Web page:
Still I picked up a few refinements, not to mention awesome and effective stretches I had not been doing before.

Since adding these in, I feel I’m making even faster progress towards my goal of hip flexibility to do the pancake drill.

In one, a variation of the Supine Dynamic Hip Rotations, I felt my hip cramp up like never before during the stretch. Yet when I was all said and done in the exercise my flexibility was already improved.

It’s affordable and immediately downloadable which means you can start on the program today.

The True Art and Science of Hand Balancing
The True Art and Science of Hand Balancing on Amazon

Check it out here.

If you’re looking for something truly ground-breaking with a new scientific breakthru guaranteeing to double your flexibility tonight, this is not it.

But if you want an Easy System, that helps you to target your specific flexibility goals, this is exactly what you need.

What I like about Focused Flexibility is they give you a series of exercises to start with as a baseline. Then they tell you if you can’t do these well, which of the many stretches they show you will help you.

They also target the exercises, to specific conditions, like tight hips, that you may have.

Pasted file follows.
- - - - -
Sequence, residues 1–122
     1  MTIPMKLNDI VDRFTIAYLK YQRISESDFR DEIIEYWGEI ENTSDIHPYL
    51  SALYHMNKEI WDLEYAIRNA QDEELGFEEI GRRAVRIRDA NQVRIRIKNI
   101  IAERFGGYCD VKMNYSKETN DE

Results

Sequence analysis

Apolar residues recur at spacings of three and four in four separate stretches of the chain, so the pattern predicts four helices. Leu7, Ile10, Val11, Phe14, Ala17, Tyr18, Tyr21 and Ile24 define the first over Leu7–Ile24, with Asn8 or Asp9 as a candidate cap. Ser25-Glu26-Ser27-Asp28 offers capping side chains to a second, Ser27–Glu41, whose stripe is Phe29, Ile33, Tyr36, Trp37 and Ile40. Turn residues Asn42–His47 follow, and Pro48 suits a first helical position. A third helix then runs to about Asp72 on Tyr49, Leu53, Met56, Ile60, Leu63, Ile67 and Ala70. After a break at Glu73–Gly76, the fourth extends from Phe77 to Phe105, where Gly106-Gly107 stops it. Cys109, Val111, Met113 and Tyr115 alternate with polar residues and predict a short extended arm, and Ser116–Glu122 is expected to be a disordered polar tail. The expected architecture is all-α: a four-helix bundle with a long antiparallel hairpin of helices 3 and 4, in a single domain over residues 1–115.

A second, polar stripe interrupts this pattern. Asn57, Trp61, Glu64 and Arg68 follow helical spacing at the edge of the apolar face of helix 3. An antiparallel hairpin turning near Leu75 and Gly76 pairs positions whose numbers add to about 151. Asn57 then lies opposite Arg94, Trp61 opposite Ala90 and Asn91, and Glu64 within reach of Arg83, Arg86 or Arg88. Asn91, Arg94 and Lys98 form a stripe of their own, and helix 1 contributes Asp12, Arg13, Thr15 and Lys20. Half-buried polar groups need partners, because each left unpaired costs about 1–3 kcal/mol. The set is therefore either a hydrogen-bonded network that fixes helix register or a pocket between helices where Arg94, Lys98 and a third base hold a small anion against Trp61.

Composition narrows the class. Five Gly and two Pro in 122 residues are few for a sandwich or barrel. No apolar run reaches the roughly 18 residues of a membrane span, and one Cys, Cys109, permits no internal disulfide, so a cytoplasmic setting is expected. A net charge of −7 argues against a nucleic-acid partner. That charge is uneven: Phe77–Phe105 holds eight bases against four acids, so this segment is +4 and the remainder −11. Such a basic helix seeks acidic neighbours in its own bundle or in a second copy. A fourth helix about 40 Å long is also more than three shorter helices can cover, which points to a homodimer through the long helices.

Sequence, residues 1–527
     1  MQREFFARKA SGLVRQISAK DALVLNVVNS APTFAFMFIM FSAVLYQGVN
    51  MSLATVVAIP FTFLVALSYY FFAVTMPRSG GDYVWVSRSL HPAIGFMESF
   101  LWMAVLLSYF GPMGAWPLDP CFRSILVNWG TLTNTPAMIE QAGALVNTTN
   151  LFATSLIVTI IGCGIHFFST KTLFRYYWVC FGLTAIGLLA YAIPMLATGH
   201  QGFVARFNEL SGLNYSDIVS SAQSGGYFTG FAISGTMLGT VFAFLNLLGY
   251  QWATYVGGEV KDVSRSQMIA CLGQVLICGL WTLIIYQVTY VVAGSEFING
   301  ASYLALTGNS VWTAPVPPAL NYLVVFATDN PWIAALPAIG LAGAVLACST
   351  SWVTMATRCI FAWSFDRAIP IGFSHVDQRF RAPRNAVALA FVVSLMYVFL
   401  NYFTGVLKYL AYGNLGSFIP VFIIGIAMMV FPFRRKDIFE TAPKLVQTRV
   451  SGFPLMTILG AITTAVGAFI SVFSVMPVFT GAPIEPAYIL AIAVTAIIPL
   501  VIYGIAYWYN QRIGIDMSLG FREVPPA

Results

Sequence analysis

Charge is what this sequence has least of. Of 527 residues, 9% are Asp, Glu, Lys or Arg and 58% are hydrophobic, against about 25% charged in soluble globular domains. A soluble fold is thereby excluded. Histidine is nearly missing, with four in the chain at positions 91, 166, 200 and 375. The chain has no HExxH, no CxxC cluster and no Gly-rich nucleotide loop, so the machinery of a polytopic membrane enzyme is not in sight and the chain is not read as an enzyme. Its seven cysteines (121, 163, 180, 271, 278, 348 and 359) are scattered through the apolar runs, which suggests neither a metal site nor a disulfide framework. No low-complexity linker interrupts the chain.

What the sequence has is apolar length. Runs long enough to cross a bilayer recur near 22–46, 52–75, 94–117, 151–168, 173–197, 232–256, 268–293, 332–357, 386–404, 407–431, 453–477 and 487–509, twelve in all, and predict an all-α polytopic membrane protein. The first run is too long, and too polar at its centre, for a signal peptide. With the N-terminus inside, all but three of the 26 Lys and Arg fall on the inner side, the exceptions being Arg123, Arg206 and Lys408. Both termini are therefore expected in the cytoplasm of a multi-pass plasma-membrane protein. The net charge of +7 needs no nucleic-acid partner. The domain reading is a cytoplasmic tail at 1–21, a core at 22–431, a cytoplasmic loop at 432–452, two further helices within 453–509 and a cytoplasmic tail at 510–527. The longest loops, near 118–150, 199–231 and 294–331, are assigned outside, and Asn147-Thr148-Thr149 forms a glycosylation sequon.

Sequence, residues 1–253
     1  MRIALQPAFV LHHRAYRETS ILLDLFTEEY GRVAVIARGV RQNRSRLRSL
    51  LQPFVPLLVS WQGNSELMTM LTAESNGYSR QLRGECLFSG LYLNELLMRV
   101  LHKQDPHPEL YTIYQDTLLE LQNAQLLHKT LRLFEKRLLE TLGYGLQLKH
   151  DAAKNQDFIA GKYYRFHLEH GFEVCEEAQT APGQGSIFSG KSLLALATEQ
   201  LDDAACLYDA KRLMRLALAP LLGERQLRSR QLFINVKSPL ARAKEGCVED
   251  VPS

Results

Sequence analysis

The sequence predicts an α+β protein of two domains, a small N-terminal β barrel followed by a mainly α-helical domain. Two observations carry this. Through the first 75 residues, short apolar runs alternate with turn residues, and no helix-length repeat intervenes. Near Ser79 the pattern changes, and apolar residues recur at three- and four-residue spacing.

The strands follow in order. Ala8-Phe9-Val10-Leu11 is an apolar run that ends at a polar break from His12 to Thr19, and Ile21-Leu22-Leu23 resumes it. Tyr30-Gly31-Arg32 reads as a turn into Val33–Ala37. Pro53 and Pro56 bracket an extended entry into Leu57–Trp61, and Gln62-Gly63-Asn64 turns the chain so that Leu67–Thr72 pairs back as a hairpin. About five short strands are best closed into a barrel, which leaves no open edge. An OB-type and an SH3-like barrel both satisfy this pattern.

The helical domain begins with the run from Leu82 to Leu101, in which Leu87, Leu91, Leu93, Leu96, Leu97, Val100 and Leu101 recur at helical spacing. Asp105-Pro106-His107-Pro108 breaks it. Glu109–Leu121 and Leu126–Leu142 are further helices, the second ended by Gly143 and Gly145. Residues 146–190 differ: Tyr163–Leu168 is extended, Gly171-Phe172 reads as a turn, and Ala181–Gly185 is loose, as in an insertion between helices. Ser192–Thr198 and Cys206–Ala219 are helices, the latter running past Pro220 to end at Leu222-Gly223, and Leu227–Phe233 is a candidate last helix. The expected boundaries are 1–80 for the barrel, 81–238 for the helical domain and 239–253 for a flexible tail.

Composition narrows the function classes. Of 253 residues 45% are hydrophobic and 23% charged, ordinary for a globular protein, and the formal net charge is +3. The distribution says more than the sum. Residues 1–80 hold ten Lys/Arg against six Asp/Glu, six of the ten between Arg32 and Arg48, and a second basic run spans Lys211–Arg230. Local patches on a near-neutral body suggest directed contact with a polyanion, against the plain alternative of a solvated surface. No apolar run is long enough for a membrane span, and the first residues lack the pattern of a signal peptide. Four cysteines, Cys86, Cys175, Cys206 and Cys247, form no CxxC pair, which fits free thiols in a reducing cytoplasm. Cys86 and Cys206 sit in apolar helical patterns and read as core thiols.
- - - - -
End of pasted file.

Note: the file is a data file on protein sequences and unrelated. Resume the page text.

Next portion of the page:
The idea isn’t to do every stretch but to focus on the ones you need to achieve the flexibility you desire.

Read more about Focused Flexibility here.

Perhaps you’ve picked up a program from the Gold Medal Bodies guys before. If so you know they have high quality material. This program is no different.

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Parallette Training without Parallettes?

In the past three posts you’ve got tons of ideas on training you can do with parallettes. But what if you don’t have a pair of parallettes to train with?

Trampoline Handbook
Trampoline Handbook on Amazon

One, you can easily make your own pair for cheap.

Two, you can replicate the same training with a variety of other objects. This video gives you more details. Not exactly the same but close enough to gain 95% of the benefits.

There are just a few days left to save 15% on Gold Medal Bodies awesome parallette training course. Just go check out P1 here and use the coupon code ‘LEGENDARY’ before March 31st.

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Combining Parallette Presses and Holds to Build Strength and Skill

Ryan Hurst from Gold Medal Bodies is here to show you how to move forward with your parallette training. Click here for Part 1 and Part 2. This is the third in a three part series.


By now, you should have developed some foundation strength in the basic parallette press and L-sit. That’s a great start, but we started off this series talking about advanced exercises like planches, and maybe it still seems like we’re a long way off from there.